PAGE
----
How to build a start-up culture in a big company

A new book tackles the issue of how to encourage innovation in a fast-moving world.



Sahar Hashemi co-founded Coffee Republic with her brother Bobby in 1995 and has since become an expert on business innovation.  After she wrote her first best-selling book, Anyone Can Do It, her main audience was aspiring entrepreneurs. But two years later she notes that “a dramatic shift” took place. She began getting invitations to speak at big companies about her story. There were jokes about her being a catalyst for mass resignations, but these were soon replaced by questions about change and coping with change.

“Suddenly,” she writes in her new book, Start-up Forever, “companies that took a certain comfort in their size, scale and market position were being threatened. Faster change was pushing companies out of their long-time comfort zones into the same choppy waters – full of uncertainty, shifting customer expectations and scarce resources – that entrepreneurs have always operated in.”

However, she adds, big business lacked the agility of start-ups, they were weighed down by size, scale, processes and systems set to ways of doing business that were changing too fast for them to keep up. She found herself trying to demystify entrepreneurship for employees rather than aspiring entrepreneurs.

Her book is the culmination of around 400 talks she has given to companies on precisely this subject. It outlines the need for business to reinvent itself and to become more innovative.  Hashemi starts by saying that innovation is about instilling a different mindset rather than setting up a silo devoted to innovation. She sums up what she is trying to do thus: “What could possibly be better than combining the agility of a start-up with the scale of a BB [big business]? What could possibly beat being the biggest small company in the world?”

How to be more agile

The book is divided into 10 sections, starting with the advice ‘become the customer’. Too many big businesses move away from contact and empathy with the customer and get bogged down in processes and data.  Surveys will only tell you so much, says Hashemi, because customers rarely know what they want and cannot therefore guide businesses to the future. Instead, to innovate it is important to think like a customer and look for the kind of problems they may face that you can help to solve for them.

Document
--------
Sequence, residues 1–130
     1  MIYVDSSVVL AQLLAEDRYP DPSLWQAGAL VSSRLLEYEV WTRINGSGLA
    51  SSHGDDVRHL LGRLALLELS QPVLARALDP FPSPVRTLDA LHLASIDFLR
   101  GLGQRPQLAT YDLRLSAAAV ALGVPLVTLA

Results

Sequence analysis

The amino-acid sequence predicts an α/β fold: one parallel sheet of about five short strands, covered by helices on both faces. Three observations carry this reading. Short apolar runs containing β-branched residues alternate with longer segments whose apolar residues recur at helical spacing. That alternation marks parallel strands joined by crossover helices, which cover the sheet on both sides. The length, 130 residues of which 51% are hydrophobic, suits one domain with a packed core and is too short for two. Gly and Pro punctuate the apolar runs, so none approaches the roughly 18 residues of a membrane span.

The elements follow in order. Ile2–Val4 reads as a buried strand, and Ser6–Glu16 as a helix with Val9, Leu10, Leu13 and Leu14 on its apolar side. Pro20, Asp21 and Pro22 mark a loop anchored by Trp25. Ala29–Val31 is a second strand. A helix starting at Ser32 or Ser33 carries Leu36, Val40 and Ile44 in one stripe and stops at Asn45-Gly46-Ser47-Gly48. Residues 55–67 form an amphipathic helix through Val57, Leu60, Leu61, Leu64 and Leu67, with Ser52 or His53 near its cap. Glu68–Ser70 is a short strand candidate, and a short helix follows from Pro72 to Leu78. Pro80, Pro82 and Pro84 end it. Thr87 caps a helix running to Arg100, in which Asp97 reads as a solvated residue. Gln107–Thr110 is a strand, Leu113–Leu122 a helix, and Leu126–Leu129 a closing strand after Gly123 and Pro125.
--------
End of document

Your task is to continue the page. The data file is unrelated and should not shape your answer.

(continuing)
Allied to knowing your customer is getting out into the ‘real world’ – something that is often seen as time-wasting, but observing what goes on is crucial to innovation and creativity, says Hashemi. She also talks about the need to combat what she calls ‘comfort admin’, the sense of being always busy, with meetings, conference calls, reviews, appraisals and strategy days. She suggests culling ruthlessly any admin which is not absolutely necessary and dividing work into smaller teams to create a sense of dynamism and reduce bureaucracy.

Other advice includes unlearning and questioning received practice, changing the language used to limit innovation such as phrases like ‘this is industry practice’, hiring for will rather than skill and mixing up teams to bring in new ideas and ways of looking at things.

There’s no need to chase one big idea, counsels Hashemi. Innovation comes from encouraging a creative flow through many small everyday ideas and from being endlessly curious. She adds that having a lot of money can restrict innovation and says many of the best ideas come through lack of resources.  Other chapters deal with the need to experiment and to be prepared to risk failure and learn from it.

Being human

Finally, Hashemi talks about the need to treat people as individuals and to have fun. That means trusting them to get on with their jobs and not creating a false dividing line between home and work life. “Micromanaging people like machines produces exactly that, automatons…Automatons can’t experiment and be passionate. Leaving your personal life out of your professional life creates a joyless existence, and the new generation of workers aren’t wired for working that way. They will run for the hills in a culture that doesn’t allow them to be 100% themselves,” she writes. Businesses need to focus on employees as human beings and to motivate them by showing them what the purpose of their work is, what difference it makes.

Hashemi ends by saying: “You could think of the sunset of old ways of doing business as a scary and uncomfortable disruption, or you can see this change as an opportunity to transform work into a place employees actually want to come to every day, a place that brings out their best and uses their talents to the maximum. You could use this moment to make your organisation not just far more successful, but far more human.”

In an age of automation, many have spoken about the need to emphasise what makes us human. In addition to encouraging people to be more creative and innovative, that must surely also include providing them with what has been termed ‘human-sized’ jobs – jobs that do not mean they have to squeeze their lives around the corners of their work. This book shows that by focusing on the human, businesses can keep ahead of the competition.

*Start-up forever by Sahar Hashemi is published by Matador, price £10.99.

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